As healthcare costs account for around one fifth of the United State’s annual GDP, technological investments have been deemed the best way to cut costs while improving the overall quality of healthcare. Investment in technology is predicted to be significant for the future as patients will be getting better in a faster amount of time. Within the next few years, healthcare technology will expand as long as investment and efficiency continue to flourish.

Dixie Somers is a freelance writer and blogger from Phoenix, Arizona, who loves most to write for health, technology, and business niches. Dixie is the proud mother of three beautiful girls and wife to a wonderful husband.

photo biometrics is used in healthcare to identify patients

How Photo Biometrics Can Improve Healthcare Outcomes for Patients

photo biometrics is used in healthcare to identify patients

The rising use of photo biometrics for patient ID in healthcare is helping to increase patient safety, reduce medical errors, and improve revenue cycle management.

The following guest post on the rising use of photo biometrics for patient ID in healthcare was submitted by Amanda Gaid.

Photo biometrics are increasingly being used for passports and other identification needs. Medical facilities and practices are also beginning to see the merit in utilizing photo biometrics for patient identification. There are many ways that photo biometrics can be beneficial for providers, insurance companies, and especially patients. Using photo biometrics can help to improve healthcare outcomes for patients in a number of ways.

Helps Prevent Medical Identity Theft

Photo biometrics help to ensure that a patient receiving medication and treatment is in fact the patient identified on a medical card. Medical identity theft is widespread, with many people posing as patients in order to receive drugs. Photo biometrics link a patient’s photograph and iris biometrics to a set of medical records. Using this system ensures that patients will not be misidentified and makes it very difficult for thieves to bypass.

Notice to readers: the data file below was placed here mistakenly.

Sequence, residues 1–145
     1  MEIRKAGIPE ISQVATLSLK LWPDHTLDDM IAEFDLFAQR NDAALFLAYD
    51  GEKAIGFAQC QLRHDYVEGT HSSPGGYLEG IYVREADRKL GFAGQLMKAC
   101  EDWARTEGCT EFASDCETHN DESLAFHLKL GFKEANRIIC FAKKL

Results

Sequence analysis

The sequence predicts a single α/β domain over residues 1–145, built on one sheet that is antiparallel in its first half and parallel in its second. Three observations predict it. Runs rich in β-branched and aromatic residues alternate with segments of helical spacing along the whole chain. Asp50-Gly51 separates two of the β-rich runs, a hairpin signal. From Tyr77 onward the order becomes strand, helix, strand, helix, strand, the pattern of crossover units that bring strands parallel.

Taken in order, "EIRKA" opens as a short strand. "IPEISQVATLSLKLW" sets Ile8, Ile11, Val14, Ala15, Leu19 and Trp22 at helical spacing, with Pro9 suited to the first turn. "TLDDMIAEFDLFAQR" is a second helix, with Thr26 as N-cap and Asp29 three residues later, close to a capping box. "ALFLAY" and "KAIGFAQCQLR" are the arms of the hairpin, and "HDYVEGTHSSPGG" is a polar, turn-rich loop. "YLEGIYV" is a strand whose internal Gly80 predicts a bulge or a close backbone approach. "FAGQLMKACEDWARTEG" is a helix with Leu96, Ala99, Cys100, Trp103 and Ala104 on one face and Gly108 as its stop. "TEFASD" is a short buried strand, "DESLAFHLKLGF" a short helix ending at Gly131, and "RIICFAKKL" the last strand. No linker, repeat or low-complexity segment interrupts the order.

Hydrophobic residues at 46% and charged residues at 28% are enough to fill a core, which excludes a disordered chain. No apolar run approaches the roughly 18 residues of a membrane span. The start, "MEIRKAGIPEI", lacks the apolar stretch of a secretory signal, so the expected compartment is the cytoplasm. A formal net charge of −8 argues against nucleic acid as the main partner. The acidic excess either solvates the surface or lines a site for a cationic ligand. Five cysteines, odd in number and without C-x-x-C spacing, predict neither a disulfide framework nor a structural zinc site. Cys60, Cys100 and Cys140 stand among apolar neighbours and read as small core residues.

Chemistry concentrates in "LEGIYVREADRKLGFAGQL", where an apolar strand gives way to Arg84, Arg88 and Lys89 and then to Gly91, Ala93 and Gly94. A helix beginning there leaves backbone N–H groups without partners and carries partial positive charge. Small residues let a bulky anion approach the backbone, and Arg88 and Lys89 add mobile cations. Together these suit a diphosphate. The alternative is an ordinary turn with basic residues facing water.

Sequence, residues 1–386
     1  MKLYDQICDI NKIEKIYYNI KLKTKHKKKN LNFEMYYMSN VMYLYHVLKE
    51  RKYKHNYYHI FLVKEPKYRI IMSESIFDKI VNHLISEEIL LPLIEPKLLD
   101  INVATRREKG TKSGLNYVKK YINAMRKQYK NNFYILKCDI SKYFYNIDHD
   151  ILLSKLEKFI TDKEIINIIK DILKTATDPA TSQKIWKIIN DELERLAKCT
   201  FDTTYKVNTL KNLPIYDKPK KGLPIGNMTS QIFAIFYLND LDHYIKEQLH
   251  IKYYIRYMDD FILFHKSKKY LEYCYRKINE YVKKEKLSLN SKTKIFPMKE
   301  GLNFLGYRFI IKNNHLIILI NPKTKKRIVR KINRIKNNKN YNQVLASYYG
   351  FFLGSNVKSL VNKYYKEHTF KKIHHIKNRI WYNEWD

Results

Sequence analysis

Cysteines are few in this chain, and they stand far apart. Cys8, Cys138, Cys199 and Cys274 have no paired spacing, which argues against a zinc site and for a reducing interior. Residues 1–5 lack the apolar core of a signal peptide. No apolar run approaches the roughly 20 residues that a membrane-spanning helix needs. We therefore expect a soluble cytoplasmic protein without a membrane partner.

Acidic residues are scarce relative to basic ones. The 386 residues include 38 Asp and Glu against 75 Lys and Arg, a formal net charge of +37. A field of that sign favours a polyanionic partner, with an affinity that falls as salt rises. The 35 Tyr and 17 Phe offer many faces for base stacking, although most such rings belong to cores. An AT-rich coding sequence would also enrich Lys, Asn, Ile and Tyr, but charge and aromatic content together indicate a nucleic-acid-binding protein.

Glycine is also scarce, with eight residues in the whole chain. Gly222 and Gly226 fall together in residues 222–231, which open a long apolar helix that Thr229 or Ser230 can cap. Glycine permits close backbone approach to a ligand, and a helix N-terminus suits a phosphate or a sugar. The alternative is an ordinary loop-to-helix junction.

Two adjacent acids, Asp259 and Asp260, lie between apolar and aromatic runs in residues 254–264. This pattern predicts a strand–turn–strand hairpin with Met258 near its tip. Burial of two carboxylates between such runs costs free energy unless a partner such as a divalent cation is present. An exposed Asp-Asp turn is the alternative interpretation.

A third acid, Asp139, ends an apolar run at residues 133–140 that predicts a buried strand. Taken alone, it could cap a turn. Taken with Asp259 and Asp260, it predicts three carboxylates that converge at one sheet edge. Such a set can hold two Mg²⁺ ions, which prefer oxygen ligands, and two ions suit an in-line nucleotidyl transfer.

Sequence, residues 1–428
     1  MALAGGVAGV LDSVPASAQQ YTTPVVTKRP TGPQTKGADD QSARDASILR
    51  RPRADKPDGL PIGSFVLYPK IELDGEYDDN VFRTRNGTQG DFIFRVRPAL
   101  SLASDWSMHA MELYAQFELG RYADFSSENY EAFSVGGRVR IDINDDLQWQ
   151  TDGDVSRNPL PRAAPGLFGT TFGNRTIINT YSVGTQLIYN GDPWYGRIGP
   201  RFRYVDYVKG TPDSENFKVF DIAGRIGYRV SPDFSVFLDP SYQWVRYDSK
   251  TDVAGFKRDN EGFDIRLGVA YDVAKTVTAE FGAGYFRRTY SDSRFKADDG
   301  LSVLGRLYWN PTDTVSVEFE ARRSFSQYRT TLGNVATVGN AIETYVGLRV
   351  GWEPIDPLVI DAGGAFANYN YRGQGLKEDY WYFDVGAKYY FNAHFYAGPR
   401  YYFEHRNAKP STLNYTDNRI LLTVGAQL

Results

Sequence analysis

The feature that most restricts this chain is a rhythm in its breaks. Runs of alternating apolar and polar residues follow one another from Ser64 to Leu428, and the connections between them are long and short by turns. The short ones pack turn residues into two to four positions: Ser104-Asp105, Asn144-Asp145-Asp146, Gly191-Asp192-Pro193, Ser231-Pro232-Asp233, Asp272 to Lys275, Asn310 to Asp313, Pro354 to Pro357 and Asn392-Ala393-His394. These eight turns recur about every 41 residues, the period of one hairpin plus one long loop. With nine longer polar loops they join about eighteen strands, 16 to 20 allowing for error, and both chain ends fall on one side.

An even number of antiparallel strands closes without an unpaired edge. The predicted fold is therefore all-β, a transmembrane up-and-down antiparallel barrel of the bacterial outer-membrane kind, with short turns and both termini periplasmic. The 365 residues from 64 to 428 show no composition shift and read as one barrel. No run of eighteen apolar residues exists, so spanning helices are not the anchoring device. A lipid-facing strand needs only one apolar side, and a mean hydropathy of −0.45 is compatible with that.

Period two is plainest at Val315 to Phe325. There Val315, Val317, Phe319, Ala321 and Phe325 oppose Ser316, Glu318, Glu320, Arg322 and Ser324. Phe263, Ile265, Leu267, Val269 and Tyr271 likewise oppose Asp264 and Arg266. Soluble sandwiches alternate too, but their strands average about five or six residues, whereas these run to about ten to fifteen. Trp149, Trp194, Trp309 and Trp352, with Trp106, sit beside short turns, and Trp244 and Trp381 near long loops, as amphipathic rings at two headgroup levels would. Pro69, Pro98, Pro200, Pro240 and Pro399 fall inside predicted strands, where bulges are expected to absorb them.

Improves Data Integrity

When medical information is breached by identity thieves, health records may show that patients received treatments and medications that were actually taken advantage of by thieves. This can be dangerous for patients that really need these treatments. Blood pressure and other clinical measurements may also be skewed by thieves posing as patients. Protecting this information can help to ensure greater data integrity.

May Help Patients That Can’t Help Themselves

Patients that are brought into a medical facility unconscious or that face advanced stages of cognitive decline may not be able to provide crucial medical information in times of emergency. Photo biometrics allow medical providers to identify a patient and access a wealth of information about allergies, current medications, and conditions that may be instrumental in providing treatment. This may help to protect patients from medication reactions, infections, and other issues while allowing providers to treat patients quickly.

Can Help Prevent Errors in Medical Billing

Medical billing errors can occur due to a number of different circumstances. In some cases, medical practices and hospitals that are switching over to electronic health records (EHRs) will inadvertently replicate an entire patient’s history, showing double treatments and visits. In other cases records may be filed incorrectly. Thieves may also add to inaccuracy of medical billing information. Linking all EHRs and billing information to photo biometrics can prevent billing errors and help to ensure accuracy of patient financial information.

Increases Patient Satisfaction Levels

Patient satisfaction can have an impact on patient outcomes. Patients are more likely to follow medical advice and attend regular medical visits when the experience is pleasant and the provider is trusted. Photo biometrics can make patients feel more secure and can expedite visits and treatment. Patients may also be able to access their own information more conveniently and securely, which can increase empowerment and patient engagement.

Amanda Gaid is a recent college graduate and avid writer. While her primary focus in college was Psychology, Gaid minored in English Literature and Public Health. She draws on her knowledge of these subjects to create online content that addresses human needs in a simple way. In her spare time, she enjoys traveling as well as beach breaks and playing with her dog.